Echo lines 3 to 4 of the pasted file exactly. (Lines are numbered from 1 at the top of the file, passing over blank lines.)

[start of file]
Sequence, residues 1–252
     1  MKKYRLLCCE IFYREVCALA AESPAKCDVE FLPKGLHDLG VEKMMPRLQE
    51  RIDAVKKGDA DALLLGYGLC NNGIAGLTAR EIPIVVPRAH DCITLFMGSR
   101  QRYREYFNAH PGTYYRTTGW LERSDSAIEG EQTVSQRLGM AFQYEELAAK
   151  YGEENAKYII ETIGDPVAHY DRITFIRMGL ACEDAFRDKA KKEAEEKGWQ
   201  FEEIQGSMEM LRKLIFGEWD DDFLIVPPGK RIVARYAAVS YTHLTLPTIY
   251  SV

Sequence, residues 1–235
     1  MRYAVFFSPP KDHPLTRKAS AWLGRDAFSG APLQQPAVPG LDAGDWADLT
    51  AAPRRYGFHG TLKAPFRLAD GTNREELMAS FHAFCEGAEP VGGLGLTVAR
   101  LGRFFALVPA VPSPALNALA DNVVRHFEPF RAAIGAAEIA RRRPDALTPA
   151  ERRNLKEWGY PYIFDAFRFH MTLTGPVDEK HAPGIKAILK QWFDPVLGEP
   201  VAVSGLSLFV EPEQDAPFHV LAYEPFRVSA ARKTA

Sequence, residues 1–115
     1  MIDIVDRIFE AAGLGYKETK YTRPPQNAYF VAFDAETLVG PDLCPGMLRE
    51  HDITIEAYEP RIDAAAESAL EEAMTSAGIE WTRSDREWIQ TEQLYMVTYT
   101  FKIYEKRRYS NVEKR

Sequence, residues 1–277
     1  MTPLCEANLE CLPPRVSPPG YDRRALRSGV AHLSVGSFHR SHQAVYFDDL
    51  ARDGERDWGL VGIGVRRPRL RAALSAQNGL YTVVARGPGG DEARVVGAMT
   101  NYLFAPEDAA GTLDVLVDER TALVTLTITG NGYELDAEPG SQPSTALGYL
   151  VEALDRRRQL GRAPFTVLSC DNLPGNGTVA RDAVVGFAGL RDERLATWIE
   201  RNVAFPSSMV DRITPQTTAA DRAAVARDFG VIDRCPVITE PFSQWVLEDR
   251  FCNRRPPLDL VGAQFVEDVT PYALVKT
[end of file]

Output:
    51  RIDAVKKGDA DALLLGYGLC NNGIAGLTAR EIPIVVPRAH DCITLFMGSR
   101  QRYREYFNAH PGTYYRTTGW LERSDSAIEG EQTVSQRLGM AFQYEELAAK